All-Time Favorite Trailers: ‘Star Wars Episode I – The Phantom Menace’

With the unveiling of the first trailer for “Star Wars: The Rise of Skywalker,” many generations were once again reminded of how thrilling it is to get our first glimpse at the latest episode which will take us to a galaxy far, far away. Seeing the fans cheer the trailer on at the recent Star Wars Celebration in Chicago, Illinois also took me back to the times when I got to witness any of the them on the silver screen with a large and incredibly enthusiastic audience as there are few cinematic experiences people are as passionate as a “Star Wars” movie.

After watching “The Rise of Skywalker” trailer, I found myself going back to the year 1998 when I was at the enormous movie theater located in the Irvine Spectrum Center to watch “Star Trek: Insurrection.” This was in the winter before “Star Wars Episode I: The Phantom Menace” was set to be released. I remember hearing about the development of the prequel movies when I was in junior high school when time moved by way too slowly. Those movies could not come soon enough, and it would feel like an eternity before they finally arrived on the silver screen.

Never will I forget this particular evening as I watched the lights go down in the theater and the trailers began to appear. We thought we were getting “The Phantom Menace” trailer right at the start, but it turned out to be a teaser for “Austin Powers: The Spy Who Shagged Me,” another all-time great movie trailer. But as soon as the Lucasfilm Ltd. Logo appear on the silver screen, the audience members began to applaud and cheer loudly as this was the one thing they were eager to see more than anything else.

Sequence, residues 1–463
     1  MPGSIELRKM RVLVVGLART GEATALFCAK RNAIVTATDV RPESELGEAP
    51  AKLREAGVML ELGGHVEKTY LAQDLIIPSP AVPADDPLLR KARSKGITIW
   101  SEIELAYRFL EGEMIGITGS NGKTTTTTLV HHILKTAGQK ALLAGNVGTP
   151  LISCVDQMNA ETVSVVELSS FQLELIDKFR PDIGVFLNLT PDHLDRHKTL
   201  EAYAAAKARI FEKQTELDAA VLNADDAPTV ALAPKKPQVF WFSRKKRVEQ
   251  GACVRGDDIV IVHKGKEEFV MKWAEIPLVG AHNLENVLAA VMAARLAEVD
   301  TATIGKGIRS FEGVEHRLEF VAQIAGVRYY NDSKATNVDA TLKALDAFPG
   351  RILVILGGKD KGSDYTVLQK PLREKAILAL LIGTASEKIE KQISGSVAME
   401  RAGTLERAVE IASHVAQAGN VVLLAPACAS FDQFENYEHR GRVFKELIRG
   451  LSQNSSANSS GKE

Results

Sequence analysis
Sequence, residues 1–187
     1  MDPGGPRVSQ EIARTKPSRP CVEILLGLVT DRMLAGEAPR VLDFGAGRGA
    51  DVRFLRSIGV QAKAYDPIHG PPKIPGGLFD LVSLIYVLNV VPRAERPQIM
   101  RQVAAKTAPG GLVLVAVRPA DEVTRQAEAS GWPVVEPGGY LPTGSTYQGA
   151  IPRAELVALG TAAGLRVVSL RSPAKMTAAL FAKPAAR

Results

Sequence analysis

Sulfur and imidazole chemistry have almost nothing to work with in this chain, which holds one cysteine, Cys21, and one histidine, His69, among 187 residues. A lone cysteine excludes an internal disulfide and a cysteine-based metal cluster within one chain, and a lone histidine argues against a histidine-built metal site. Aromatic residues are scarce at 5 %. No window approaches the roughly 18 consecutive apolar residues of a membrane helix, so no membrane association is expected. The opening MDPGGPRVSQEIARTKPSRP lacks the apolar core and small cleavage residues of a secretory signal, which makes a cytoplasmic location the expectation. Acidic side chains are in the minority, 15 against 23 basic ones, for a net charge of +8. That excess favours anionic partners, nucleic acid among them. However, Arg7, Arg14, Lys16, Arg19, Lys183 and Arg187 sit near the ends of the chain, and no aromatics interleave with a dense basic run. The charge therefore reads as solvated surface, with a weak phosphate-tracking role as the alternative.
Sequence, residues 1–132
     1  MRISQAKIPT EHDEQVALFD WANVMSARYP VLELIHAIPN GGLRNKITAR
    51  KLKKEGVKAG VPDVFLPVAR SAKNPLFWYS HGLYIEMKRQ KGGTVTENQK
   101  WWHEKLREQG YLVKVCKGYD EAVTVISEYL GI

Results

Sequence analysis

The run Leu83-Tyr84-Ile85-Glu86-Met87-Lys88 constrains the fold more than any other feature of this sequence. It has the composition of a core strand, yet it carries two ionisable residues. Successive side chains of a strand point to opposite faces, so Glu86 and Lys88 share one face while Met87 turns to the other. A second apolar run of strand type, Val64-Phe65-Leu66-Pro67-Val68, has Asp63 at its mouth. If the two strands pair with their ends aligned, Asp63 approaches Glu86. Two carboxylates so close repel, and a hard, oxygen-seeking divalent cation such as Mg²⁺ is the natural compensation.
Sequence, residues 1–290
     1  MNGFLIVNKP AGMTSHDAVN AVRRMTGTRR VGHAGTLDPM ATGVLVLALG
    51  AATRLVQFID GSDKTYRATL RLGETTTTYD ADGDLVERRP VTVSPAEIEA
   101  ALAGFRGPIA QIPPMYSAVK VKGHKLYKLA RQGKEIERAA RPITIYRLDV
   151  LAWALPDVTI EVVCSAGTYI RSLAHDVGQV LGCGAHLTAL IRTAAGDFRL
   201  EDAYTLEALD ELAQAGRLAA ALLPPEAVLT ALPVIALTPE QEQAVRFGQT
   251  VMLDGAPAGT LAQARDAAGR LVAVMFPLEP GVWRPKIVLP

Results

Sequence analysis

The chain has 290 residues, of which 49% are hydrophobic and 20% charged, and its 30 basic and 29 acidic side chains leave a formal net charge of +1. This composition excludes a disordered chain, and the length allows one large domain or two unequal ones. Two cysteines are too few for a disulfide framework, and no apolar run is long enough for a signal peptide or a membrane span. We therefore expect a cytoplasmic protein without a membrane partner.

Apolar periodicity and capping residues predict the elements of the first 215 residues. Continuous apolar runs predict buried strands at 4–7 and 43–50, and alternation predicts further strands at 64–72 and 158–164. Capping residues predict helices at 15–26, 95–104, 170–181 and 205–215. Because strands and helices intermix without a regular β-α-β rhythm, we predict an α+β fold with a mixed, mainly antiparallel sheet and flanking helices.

Knowing this was particular “Star Wars” movie was the first new one since “Return of the Jedi,” which was came out almost 16 years before, and understanding how it marked George Lucas’ return to the director’s chair since “A New Hopes” (22 years to be exact), there was no way you could not be the least bit excited about this particular motion picture. We keep hearing about this movie or that one is the most anticipated movie in history, but this saying could not be truer when it came to “The Phantom Menace.”

This trailer hits all the right notes. John Williams’ famous themes never sounded as good as they did here, and the visual effects looked simply amazing. Seeing Yoda back in action earned an extra few cheers as few characters have given us such endless wisdom as he has. Plus, you had Samuel L. Jackson as a Jedi master, so you now there will be at least one bad ass motherfucker in this PG-rated movie. Plus, that Sith lord Darth Maul looked especially evil even by Darth Vader standards, so there was something else to look forward to. And when the trailer climaxed with Williams’ music, the crowd cheered louder than I have ever heard anyone cheer at a trailer before. It goes without saying that everyone was all set to see this sucker on opening night and perhaps even sleep outside the local movie theater so they could be the first ones inside.

Forget about what you thought about the finished film (that’s for a separate article). There was no cinematic experience you could have been more hyped about back in the 1990’s than “Star Wars Episode I: The Phantom Menace.” I love this trailer because it reminded me of the many things I love about these movies, and of how important it was to see it before people spoiled it just as Homer Simpson spoiled “The Empire Strikes Back” for those waiting in line for it. Even today, 20 years later, this is still a thrilling trailer to sit through.